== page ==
Water Versus Acetone Electrophoretic Deposition of Hydroxyapatite on 316L Stainless Steel
Hydroxyapatite (HAP) was electrophoretically deposited on 316L stainless steel in order to promote a bioactive surface. The effect of dispersing media (water and acetone), applied voltage and the deposition time on the deposit weight and microstructure of the coatings was evaluated. The deposition time was varied in the range of 1 to 900 s for water suspensions and 0.5 to 180 s for acetone suspensions. Suspensions were prepared by using HAP powder with an average particle size of 1.5 μm at a concentration of 1 % by weight. The deposition was performed under a direct current (DC) field of 400 to 1000 V for acetone suspensions and 5 to 50 V for water suspensions. The coatings were analyzed using scanning electron microscopy. The amount of hydroxyapatite on the surface of the metallic substrate was evaluated by determining the difference in weight of the samples, before and after the electrophoretic process. The stabilization of HAP particles in water was achieved using 1 % by weight of Dispex N40TM and 0.001M KCl. Under this condition the zeta potential of HAP in water suspension was –28 mV. Non additive was required in acetone suspensions. Dense, homogeneous and crack-free coatings of sub-micron particles (0.63 mg/cm2) were obtained by applying 5 V during 60 s in water suspensions. Above a DC field of 5 V the hydrolysis of water seriously difficulties the coatings formation. Homogeneous and crack-free coatings of sub-micron particles (1.45 mg/cm2) were also obtained in acetone suspensions applying 400 to 1000 V during 5 s. Lower voltages were not used with acetone suspensions due to its high resistivity.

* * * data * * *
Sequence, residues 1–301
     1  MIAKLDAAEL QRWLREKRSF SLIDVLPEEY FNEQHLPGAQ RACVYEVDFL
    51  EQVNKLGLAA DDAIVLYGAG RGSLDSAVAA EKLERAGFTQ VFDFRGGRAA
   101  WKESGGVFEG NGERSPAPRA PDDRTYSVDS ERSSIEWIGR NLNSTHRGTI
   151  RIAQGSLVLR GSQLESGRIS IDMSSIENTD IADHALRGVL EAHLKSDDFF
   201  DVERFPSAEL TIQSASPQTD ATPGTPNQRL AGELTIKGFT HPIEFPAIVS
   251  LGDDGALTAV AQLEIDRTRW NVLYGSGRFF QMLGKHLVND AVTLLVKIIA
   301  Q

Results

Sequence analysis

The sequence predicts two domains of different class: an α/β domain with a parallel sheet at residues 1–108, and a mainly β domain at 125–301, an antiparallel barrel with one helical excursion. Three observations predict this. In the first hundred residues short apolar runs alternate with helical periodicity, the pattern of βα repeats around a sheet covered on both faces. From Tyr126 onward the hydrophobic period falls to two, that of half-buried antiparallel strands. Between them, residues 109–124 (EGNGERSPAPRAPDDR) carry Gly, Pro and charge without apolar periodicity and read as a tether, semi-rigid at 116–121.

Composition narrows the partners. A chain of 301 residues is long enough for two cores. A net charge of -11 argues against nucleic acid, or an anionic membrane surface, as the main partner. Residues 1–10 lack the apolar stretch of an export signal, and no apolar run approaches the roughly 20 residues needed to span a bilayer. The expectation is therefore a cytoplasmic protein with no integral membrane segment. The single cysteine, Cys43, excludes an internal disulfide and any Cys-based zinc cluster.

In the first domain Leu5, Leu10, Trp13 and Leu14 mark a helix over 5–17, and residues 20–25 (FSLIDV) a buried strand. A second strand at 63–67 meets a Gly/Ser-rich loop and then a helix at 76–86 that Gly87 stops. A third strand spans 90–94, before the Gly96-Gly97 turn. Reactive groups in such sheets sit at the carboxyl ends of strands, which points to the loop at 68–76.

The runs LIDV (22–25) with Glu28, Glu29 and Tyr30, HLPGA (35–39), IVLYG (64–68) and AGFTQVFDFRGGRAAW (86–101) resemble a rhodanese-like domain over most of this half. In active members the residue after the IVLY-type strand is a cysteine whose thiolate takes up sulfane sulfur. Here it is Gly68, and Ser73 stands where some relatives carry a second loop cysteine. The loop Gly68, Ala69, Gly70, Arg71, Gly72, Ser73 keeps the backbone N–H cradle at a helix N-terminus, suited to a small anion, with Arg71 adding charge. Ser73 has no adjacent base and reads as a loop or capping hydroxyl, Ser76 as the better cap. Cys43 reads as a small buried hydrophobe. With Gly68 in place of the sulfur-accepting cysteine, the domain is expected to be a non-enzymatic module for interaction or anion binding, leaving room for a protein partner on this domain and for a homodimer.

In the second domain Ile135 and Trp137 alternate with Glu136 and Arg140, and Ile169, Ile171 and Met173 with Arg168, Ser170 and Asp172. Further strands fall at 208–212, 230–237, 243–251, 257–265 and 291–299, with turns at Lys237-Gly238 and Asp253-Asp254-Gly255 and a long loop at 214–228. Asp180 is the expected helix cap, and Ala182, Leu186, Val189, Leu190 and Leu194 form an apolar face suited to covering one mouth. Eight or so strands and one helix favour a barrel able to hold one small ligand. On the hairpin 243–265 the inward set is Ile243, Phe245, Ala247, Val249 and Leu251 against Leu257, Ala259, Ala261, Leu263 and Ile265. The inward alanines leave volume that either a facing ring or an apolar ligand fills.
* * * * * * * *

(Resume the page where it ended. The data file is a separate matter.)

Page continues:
A.R. Boccaccini, O. Van der Biest and R. Clasen
G. García-Ruiz et al., "Water Versus Acetone Electrophoretic Deposition of Hydroxyapatite on 316L Stainless Steel", Key Engineering Materials, Vol. 314, pp. 237-244, 2006